Last week I wrote a bit about how most of us have hired a budget to be our dictator: deciding what we can and can’t do, making sure we spend as little as possible, and keeping tabs on our spending. If you haven’t already, you should definitely read it.
When Katie and I lived our life on a dictatorship budget, there was no freedom, no fun, and no progress. But for some reason I kept campaigning for a dictator to be in power.
Each time the dictatorship took over, we’d find ourselves stirring up a rebellion, and overthrowing what I had worked so hard to put in power. Worse yet, we weren’t replacing it with a benevolent leader, no, we were just going back to an anything-goes anarchy. We seemed to always flip-flop between a super-restrictive budget and a spending free-for-all. Pro tip: neither worked.
I’ve thought a lot about why we put ourselves through that. And I believe it’s because we fundamentally misunderstood what a budget was. You see, the budget isn’t meant to rule us, it’s supposed to be a strategic tool—designed to help us make and execute plans. Check out this definition:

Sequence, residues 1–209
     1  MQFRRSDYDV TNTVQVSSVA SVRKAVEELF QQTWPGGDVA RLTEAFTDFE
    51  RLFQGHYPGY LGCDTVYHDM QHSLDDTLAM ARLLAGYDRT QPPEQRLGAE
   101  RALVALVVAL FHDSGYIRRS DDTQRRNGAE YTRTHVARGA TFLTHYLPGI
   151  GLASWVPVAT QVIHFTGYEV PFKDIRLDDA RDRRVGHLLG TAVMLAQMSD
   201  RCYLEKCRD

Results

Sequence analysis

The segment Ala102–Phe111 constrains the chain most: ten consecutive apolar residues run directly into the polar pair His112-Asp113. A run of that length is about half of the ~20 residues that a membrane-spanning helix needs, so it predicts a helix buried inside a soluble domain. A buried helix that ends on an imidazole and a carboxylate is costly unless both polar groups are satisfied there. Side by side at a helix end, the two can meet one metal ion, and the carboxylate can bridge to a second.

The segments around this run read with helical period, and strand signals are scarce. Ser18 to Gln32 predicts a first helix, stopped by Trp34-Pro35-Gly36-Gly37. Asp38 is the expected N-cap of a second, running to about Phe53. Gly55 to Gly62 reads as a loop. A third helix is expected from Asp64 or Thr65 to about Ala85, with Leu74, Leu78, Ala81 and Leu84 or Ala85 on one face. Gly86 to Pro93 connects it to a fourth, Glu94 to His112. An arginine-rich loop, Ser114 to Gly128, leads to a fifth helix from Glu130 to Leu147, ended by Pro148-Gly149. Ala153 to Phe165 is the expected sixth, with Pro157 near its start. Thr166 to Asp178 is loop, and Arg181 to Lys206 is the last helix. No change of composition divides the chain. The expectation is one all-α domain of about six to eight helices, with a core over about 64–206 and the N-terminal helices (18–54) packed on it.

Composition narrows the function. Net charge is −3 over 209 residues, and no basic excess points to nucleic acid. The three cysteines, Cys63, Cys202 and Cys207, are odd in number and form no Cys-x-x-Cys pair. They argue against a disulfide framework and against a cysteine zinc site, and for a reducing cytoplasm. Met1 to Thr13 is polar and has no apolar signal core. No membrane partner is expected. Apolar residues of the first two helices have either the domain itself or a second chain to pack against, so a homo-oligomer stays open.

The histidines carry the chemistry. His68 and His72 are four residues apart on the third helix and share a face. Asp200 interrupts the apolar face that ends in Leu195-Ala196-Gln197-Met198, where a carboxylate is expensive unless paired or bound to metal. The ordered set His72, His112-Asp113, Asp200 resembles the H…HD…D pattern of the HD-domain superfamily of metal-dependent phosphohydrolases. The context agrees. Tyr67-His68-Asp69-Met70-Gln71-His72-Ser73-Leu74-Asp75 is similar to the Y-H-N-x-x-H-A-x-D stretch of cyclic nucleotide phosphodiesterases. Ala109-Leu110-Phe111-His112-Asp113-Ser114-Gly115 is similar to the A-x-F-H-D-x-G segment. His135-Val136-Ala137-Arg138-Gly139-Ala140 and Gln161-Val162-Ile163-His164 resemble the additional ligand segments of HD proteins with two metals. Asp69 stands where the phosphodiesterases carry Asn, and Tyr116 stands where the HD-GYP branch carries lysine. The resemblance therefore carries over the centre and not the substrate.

“A budget is a quantitative expression of a plan for a defined period of time…It expresses strategic plans of [organizations] in measurable terms.” -Wikipedia
It’s just a plan to help you get what you want
As you may know, Katie and I wanted freedom from debt, so we made a plan and did our best to execute it—now we’re debt free! When dealing with a financial goal (like getting out of debt) it’s easy to see you’d need a financial plan, but what about the rest of the things we want in life?
Take us for example: Katie dreams of living in France, and I really want to try living in Costa Rica for a year. We both want nice clothes to wear, and for our kids to go to university. Katie’s also an incredible seamstress, so it’s important for her to have materials for sewing projects each month. And I’m trying to change the world of budgeting by creating a piece of software, so I need a little capital to get it started. And sadly, one day our kids will probably move away, and both of us really want to be able to visit those little stinkers wherever they end up moving to!
If we really want all that, we’re gonna need a plan! A plan that involves money. So, let’s talk about the first principle for making strategic plans—or as we often call them—budgets. Here it is: have conversations about money.
Ditching the dictator for a democracy